Along with a lot of not traditionally Italian baking, the good old English crumble has seemed to be gaining popularity - even modishness - in Italy.
Preheat the oven to 190C/375F/Gas 5 and slip in a baking sheet at the same time. Put the amaretti into a freezer bag and bash with a rolling pin or similar, until reduced to coarse crumbs, then decant them into a bowl.
Melt the two tablespoons of butter in a large pan (that has a lid), add the prepared plums, sprinkle in the two tablespoons of sugar, add the lemon zest and juice and shake the pan over the heat, cooking for two minutes without a lid and two further minutes with the lid on. These timings are based on having plums that are ripe: if the fruit is disappointingly unyielding, be prepared to cook for longer with the lid on, checking frequently. You may need to add the juice of the remaining half lemon - and more sugar - if cooking for much longer.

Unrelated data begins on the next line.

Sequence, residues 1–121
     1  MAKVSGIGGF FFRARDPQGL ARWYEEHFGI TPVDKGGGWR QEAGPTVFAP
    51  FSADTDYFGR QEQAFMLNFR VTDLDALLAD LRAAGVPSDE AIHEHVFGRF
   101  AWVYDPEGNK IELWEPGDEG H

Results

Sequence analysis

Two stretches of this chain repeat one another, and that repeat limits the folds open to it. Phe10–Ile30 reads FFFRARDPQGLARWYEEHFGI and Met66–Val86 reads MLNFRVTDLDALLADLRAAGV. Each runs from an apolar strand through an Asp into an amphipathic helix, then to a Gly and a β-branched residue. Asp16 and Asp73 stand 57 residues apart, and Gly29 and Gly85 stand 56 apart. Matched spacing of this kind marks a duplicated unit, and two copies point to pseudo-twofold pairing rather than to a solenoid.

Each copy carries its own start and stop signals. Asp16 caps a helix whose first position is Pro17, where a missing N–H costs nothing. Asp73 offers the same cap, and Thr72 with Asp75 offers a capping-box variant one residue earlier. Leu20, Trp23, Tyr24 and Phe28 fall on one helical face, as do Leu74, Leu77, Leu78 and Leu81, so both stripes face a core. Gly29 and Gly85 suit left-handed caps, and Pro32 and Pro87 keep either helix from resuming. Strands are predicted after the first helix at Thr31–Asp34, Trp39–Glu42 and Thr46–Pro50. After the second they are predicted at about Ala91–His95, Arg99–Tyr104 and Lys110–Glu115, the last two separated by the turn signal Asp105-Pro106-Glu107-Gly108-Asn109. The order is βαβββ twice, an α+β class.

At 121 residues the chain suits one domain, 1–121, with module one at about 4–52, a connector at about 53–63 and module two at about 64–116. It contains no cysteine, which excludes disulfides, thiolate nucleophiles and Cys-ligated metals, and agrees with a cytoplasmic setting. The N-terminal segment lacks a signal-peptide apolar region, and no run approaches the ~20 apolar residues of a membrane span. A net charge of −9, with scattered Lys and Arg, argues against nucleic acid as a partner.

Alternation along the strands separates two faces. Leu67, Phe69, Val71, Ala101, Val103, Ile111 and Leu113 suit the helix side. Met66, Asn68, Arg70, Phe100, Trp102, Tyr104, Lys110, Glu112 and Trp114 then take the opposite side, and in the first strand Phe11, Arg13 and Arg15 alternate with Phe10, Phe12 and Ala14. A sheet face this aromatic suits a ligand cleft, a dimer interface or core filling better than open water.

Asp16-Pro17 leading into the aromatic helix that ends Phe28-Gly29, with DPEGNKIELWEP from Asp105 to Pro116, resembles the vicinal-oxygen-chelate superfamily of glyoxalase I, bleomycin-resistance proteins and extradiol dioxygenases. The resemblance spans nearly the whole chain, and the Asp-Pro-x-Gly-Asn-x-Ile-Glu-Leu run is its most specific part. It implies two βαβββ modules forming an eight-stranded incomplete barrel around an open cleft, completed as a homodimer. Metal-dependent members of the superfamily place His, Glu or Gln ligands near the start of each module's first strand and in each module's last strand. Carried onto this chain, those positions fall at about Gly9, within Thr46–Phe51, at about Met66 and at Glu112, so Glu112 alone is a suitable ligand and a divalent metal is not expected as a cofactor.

Pour the plums (with care - they’re hot) into a 23x6cm/9x3in deep ovenproof pie dish and set to one side. Already the red skins will have made a gorgeous garnet gravy. Sprinkle in two tablespoons of your amaretti crumble.
To make the crumble the easy way, put the flour and baking powder into the bowl of a freestanding mixer, shake to mix, then add the small cold butter cubes and beat, not too fast, with the flat paddle until you have a mixture rather like large-flaked oatmeal. Or you can do this by hand, just by rubbing the butter into the flour with your fingers.
Add the sugar and mix with a fork, then tip in the rest of the amaretti crumbs and use a fork to mix again. Pour the mixture over the waiting fruit in its pie dish, making sure you cover right to the edges to stop too much leakage: although for me, some of the rich-hued syrup spurting out over the crumble topping is essential.
Place on the baking sheet in the oven and bake for about 30 minutes; you should see some ruby bubbling at the edges, and the top will be scorched gold in places. If you can bear it, let this stand for 10-15 minutes before eating, with ice cream, whipped cream or mascarpone.
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Dishes include a mid-week family feast of tagliata and 'eggs in purgatory'.
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